I'm wondering if I create a game using the game engine that relies on external libraries, for instance midi device libraries like pyGame.midi, if those can be bundled in the executable created by the game engine? I want to generate midi to external devices from the game engine, but I want to be able to use python modules that use ctypes etc to connect to native dll's/.so's.

What are the rules for packing external resources into the game engine? Does anyone have an example where this is being done?

I have seen a lot of posts describing using socketed IO to communicate with externally packaged apps, but I would like to be able to bundle everything for an architecture into one executable.

Or just not possible?


1 Answer 1


The limitations of the Make Runtime Function is that it can only work on the Blend file that's currently open. If your game has external assets (unpacked textures, unpacked sound, other blender file as libs, external Python modules), these will not be packaged automatically.

But it's definitely possible to make a stand-alone package with all the Python modules. It's just a matter of knowing where everything goes.

Python Module Basics

  1. Understand where Python looks for modules (hint: local modules override system modules)
  2. Because the current path of the Blend file is always the first place Blender will look for Python modules, you can just place any module right next to the Blend file. Alternatively, I'd like to keep all my non-standard modules in one folder. So if you have a myModule, I would place it in a directory called externs.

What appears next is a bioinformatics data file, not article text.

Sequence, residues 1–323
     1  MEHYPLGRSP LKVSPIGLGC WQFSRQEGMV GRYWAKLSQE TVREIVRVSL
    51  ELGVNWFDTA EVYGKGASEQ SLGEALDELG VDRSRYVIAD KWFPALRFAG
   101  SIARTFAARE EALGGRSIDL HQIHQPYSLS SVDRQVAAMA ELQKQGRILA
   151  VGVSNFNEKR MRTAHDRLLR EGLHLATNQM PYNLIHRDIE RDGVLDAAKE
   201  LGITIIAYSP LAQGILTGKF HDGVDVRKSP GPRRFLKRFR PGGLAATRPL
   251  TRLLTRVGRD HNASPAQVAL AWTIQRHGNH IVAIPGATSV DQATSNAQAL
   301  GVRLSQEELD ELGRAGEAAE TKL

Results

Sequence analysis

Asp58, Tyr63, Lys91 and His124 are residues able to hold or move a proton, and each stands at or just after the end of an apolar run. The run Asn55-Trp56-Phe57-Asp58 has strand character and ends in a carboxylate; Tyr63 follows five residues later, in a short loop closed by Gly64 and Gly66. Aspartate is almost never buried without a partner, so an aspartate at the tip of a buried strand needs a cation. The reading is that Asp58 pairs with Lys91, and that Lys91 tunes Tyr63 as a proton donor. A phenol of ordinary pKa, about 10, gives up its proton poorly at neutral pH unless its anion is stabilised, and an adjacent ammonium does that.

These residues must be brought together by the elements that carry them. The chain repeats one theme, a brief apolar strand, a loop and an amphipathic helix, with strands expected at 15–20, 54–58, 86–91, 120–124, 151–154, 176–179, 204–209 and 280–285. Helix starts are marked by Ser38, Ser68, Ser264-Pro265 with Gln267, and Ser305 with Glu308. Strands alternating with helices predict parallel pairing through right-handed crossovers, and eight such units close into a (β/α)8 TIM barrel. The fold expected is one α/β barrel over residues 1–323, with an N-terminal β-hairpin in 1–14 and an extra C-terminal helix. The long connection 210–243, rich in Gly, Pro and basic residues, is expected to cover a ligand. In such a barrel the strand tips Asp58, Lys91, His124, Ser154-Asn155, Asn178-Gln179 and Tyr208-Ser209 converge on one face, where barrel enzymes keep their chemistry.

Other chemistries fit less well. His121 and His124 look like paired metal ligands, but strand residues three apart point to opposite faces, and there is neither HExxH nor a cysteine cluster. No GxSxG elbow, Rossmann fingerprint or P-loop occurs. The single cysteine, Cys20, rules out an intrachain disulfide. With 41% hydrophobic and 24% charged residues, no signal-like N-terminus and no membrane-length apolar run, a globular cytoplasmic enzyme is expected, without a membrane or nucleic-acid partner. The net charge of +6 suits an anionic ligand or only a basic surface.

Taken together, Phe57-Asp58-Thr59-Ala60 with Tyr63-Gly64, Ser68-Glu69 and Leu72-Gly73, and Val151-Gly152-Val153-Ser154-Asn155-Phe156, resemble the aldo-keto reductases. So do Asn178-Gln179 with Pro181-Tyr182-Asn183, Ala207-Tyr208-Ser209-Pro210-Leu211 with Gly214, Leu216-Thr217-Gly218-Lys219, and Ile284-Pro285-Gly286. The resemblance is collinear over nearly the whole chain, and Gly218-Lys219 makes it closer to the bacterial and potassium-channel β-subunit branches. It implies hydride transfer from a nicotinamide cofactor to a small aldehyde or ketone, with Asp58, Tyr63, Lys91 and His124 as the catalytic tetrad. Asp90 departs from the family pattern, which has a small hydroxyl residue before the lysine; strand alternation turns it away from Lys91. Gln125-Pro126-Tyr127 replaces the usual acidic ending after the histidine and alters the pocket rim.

3. You can access modules you've placed under externs by import externs.myModule


For packaging a runtime to include all the external libraries, you just need to keep everything in place relative to the Blend file, since the blend file is always going to be your starting point. This applies to Python scripts/modules as well as unpacked asset such as textures and sound.

Pure Python modules are easier to deal with because you don't have to worry about them not working on different OSes. For dynamically linked libs (dlls/so's), just make sure you have a working version for each of the platform you are releasing for.

Folder Structure

Unfortunately, the structure of a packed runtime is slightly different for each OS. So you'd have to know where the Blend file is in order to copy the py modules to the right place.

On the mac, a runtime is pretty much the original blenderplayer.app with a game.blend file stored under the blenderplayer.app/Content/MacOS/Resources/ directory. So typically all your external asset that's not packed by make runtime need to go in the myGame.app/Content/MacOS/Resources/ folder.

On Windows, a single .exe is created that contains the blend file. So, any external asset go relative to the .exe file.

I believe Linux is the similar to Windows, external asset go relative to the binary blob.

Hope that helps!

  • $\begingroup$ So you are saying that if I need to use a shared library, put it in the same directory as the compiled runtime? $\endgroup$
    – MrMowgli
    Jan 29, 2014 at 20:28
  • $\begingroup$ For Windows and (I think) Linux, Yes. For Mac, put it under .app/Contents/MacOS/Resources $\endgroup$
    – Mike Pan
    Jan 29, 2014 at 20:36

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